“Why should there be any connection between a jellyfish protein and brain function? The glow produced by some jellyfish is produced when apoaequorin binds to calcium, a finding that is of interest to researchers because the human brain also contains calcium-binding proteins that play a crucial role in brain function. Nerve cells need calcium for proper functioning, but it has to be just the right amount of calcium, not too little and not too much. Calcium-binding proteins protect against excess calcium but unfortunately, with age the levels of these proteins decrease and the resulting high levels of unbound calcium can damage nerve cells, impairing thought and memory. The jellyfish protein has an amino acid sequence that is very similar to that of the body’s calcium-binding proteins, and indeed, when cells in the lab are treated with this protein, they are more resistant to induced damage. This has spawned the idea that apoaequorin can protect nerve cells from some of the consequences of aging. Maybe so, in cell cultures in the lab.”

“However, if this protein is ingested in a pill form, for any hope of efficacy it would have to survive digestion, be absorbed into the bloodstream, and then cross the blood brain barrier. But proteins are readily broken down during digestion into amino acids and peptides so the chance of an intact protein ending up in brain cells is remote, to say the least. Forget the scientific implausibility though; the relevant question is whether Prevagen works.”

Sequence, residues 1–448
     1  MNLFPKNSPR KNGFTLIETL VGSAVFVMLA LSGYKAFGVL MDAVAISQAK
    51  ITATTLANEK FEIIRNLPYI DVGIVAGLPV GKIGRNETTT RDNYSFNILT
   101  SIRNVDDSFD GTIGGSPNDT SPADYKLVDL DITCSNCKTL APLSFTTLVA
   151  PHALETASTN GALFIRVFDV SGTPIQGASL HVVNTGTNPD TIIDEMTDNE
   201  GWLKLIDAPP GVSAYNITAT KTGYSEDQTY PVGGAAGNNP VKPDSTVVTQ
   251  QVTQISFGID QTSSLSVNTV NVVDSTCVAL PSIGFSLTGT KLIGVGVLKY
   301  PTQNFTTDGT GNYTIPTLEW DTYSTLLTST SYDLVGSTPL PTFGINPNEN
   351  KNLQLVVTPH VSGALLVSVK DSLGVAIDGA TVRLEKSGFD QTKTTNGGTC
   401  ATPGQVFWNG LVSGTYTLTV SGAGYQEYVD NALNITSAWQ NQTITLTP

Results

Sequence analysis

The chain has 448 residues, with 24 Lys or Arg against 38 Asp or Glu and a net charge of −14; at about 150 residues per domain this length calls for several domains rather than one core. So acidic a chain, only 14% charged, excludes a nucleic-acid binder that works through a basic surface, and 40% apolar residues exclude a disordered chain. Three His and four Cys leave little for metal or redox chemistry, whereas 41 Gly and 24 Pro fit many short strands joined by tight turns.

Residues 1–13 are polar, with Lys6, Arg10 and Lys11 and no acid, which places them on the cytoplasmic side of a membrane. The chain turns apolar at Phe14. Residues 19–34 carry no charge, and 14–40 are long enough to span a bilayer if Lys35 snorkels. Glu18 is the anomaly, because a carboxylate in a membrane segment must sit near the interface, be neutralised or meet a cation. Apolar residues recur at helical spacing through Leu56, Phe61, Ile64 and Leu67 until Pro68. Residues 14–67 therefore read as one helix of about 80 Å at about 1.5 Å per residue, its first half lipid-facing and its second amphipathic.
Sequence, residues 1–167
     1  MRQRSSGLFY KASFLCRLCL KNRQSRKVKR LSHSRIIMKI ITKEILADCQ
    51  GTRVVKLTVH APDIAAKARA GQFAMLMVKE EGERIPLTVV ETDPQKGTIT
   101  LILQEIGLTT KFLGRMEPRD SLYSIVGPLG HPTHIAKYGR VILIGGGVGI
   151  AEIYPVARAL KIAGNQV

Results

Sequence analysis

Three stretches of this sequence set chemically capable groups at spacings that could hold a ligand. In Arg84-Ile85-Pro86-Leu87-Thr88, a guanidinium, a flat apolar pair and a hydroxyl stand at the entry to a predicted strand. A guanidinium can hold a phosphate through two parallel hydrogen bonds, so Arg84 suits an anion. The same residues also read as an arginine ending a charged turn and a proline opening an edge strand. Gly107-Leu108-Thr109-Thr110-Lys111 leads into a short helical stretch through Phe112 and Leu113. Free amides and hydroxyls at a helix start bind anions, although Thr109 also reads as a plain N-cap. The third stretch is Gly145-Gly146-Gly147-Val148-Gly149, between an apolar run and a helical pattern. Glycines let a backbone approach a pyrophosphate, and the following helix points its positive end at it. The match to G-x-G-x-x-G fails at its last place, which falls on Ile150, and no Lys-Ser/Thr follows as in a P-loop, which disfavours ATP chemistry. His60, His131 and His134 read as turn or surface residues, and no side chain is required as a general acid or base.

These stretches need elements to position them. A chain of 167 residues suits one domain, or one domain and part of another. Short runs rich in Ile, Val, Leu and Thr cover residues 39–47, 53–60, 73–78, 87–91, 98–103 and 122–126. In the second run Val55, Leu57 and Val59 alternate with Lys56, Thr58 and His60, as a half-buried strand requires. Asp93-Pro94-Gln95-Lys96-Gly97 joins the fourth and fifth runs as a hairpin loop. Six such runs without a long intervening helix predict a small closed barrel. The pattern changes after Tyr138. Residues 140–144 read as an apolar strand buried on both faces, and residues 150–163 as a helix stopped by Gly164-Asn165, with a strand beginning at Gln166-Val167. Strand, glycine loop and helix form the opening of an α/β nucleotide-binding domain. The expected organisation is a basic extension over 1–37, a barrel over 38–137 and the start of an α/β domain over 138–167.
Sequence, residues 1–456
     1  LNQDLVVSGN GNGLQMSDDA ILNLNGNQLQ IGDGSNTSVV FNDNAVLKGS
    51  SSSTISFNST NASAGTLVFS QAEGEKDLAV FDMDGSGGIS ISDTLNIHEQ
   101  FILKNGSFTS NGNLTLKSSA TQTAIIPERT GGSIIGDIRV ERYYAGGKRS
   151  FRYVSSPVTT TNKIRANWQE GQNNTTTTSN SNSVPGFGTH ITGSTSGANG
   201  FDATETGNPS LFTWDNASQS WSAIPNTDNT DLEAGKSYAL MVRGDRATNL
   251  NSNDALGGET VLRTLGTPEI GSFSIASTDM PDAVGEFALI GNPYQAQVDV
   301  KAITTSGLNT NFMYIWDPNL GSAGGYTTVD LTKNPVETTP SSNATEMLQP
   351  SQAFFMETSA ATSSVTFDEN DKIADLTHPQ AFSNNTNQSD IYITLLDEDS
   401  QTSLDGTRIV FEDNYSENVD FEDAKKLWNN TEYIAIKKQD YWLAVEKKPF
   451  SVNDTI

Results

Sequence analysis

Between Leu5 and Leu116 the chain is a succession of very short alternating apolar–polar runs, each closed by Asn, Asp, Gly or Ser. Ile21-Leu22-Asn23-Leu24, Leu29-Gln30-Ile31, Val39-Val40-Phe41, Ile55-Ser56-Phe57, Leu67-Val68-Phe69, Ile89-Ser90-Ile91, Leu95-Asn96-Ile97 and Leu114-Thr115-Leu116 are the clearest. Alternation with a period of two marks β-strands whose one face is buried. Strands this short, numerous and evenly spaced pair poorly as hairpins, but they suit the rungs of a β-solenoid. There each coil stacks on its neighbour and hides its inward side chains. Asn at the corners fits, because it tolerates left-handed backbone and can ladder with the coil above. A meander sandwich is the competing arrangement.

As for the safety of Prevagen, American Council on Science and Health reported:

“There is another kicker. The company’s ‘evidence of safety’ basically admits that the product cannot work. The unpublished, hyped study concludes: ‘The current study assesses the allergenic potential of the purified protein using bioinformatic analysis and simulated gastric digestion. The results from the bioinformatics searches with the apoaequorin sequence show the protein is not a known allergen and not likely to cross-react with known allergens. Apoaequorin is easily digested by pepsin, a characteristic commonly exhibited by many non-allergenic dietary proteins’.”

There are other reports that also question the effectiveness of Prevagen. It’s up to you if you want to spend your money on this product or not, but I wanted you to aware of both sides.